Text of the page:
Hey there, time traveller!
This article was published 11/6/2014 (714 days ago), so information in it may no longer be current.
Jack Ryan: Shadow Recruit
Befitting a spy thriller, one comes to the rebooted Tom Clancy hero Jack Ryan: Shadow Recruit with suspicions a-tingle, exacerbated by the casting of Chris Pine as the celebrated CIA analyst.
Pine, 33, was already cast as Capt. James T. Kirk in the rebooted Star Trek franchise to bring youth and sexy vigour to one of science fiction's grand old men. Paramount evidently didn't even venture outside its own studio gates to find a new Ryan.
Another problem: the Ryan character was already rebooted in the 2002 movie The Sum of All Fears with Ben Affleck in the role. Alas, the Affleck iteration didn't take.
Directed by Kenneth Branagh, Shadow Recruit is the first of the Ryan films not based on a Clancy novel and offers a more holistic reboot. Pine's Ryan is a student at the London School of Economics when the terrorist attacks of 2001 compel him to join the marines and fight for his country. Instead of receiving injuries in Vietnam, his helicopter is shot down over Afghanistan.
During his rehab, he not only meets his future wife Cathy (Keira Knightley), a doctor, he is recruited by CIA handler Thomas Harper (Kevin Costner) with a new mission in Ryan's economics area: go to work in Wall Street and seek out big-money transactions that might be linked to terrorist organizations. He uncovers a very serious impending transaction tied to ruthless Russian oligarch Viktor Cherevin (played by director Branagh with a combination of vanity and chilly brutality worthy of Vladimir Putin). It would only work, Ryan surmises, if it was tied to a domestic terrorist attack. So, at Harper's insistence, Ryan is sent to Moscow to investigate further, only to find that the "desk job" of auditing corporate books involves fighting off assassins. Adding to Ryan's problems: Cathy shows up at his Moscow hotel with the intention of enjoying an exotic Russian getaway.
Shadow Recruit is a wholly satisfactory Ryan outing, especially compared with The Sum of All Fears. The story is a solid espionage tale, handsomely mounted. If Pine can't deliver a tone of world-weary gravitas, Costner (one of the original choices to play Jack Ryan in The Hunt for Red October) compensates in that department. His Thomas Harper is a more fully developed CIA mentor than was seen in any of the previous Jack Ryan films, carrying the full, tragic weight of his CIA past.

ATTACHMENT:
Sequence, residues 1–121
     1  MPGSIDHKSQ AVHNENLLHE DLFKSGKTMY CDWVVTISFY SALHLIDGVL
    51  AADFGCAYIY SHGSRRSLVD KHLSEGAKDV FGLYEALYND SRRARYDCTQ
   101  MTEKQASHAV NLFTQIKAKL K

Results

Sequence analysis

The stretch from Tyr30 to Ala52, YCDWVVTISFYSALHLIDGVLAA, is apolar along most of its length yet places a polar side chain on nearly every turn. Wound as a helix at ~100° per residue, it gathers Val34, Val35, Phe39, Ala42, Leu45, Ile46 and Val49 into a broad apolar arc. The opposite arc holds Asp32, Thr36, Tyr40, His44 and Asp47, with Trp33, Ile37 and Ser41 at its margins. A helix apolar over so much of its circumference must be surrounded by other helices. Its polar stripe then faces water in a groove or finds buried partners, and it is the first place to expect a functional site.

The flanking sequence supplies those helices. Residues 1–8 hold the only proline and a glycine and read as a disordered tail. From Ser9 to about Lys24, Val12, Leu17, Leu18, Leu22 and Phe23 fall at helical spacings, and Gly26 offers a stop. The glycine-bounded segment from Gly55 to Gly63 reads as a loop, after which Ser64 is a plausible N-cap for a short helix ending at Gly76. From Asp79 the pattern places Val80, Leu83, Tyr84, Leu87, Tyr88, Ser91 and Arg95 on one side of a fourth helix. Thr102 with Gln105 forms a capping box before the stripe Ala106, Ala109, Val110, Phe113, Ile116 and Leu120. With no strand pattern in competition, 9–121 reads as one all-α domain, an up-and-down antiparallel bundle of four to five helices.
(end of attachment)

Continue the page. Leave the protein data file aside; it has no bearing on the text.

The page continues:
In the past, Branagh's expertise was best displayed in his Shakespearean films, but in this contemporary arena, the man pulls off his double duty in style. The scene in which he shares dinner with Knightley's Cathy (pressed into service as Jack's mission mate) is a little gem of seduction with an undercurrent of malice.
And isn't that what spy movies should be all about? 3 1/2
Call this a contemporary version of the Agatha Christie parlour mystery. Except it's not so much a whodunit as a who-is-doing-it?
Instead of the Orient Express, most of the action takes place on a trans-Atlantic jetliner, where designated air marshal Bill Marks (Liam Neeson) is barely holding it together even before takeoff, taking a few calming slugs of whiskey before boarding a flight to London.
Once aboard, Bill sits next to cute, more-or-less-age-appropriate redhead Jen (Julianne Moore) who attempts to calm him during takeoff. (Yes, this particular air marshal is afraid of flying.)
But before long, Bill has to get down to business when he receives a text from an anonymous terrorist, who demands $150 million or he will start executing a passenger every 20 minutes. After consultation with the plane's captain (Linus Roache), Bill first assumes the threat may be a hoax. But after a couple of deaths, he is forced into action.
After some selected acts of mayhem, however, his fellow passengers aren't so sure that Bill himself isn't the guy hijacking the plane, a suspicion borne out by the fact that the $150-million ransom, it is discovered, would be deposited in an account under Marks' own name.
Directed by Jaume Collet-Serra (who also directed Neeson in the brain-teasing thriller Unknown), Non-Stop is a reasonably compelling thriller in its first two-thirds, as the incriminating evidence piles up and a host of possible perpetrators present themselves, including an edgy flight attendant (Michelle Dockery), a twitchy passenger (Scoot McNairy), a Muslim doctor (Omar Metwally), an ingratiating fellow marshal (Anson Mount), a prickly tech expert (Nate Parker) and an aggressive New York cop (Corey Stoll).
Neeson holds the centre well. The Irish actor may be bemused by his late-in-life breakout as an action star, in fare such as Taken and The Grey. But he is well-suited to the genre, by virtue of his physically imposing presence combined with a soulful, near-tragic demeanour.
But even that will only take you so far. Non-Stop wants to be Die Hard on a plane, but ends up closer to the misbegotten Jodie Foster thriller Flightplan (2005) in which the implausibility factor registers higher than the 40,000-foot altitude.
It doesn't get quite as ludicrous as Flightplan (What, nobody saw the kid!?), but it's close.
Anyway, Neeson mitigates the occasional wind-shear plunges into absurdity. The man's particular set of skills includes the ability to make the most incredible hokum not only credible but palatable. 21/2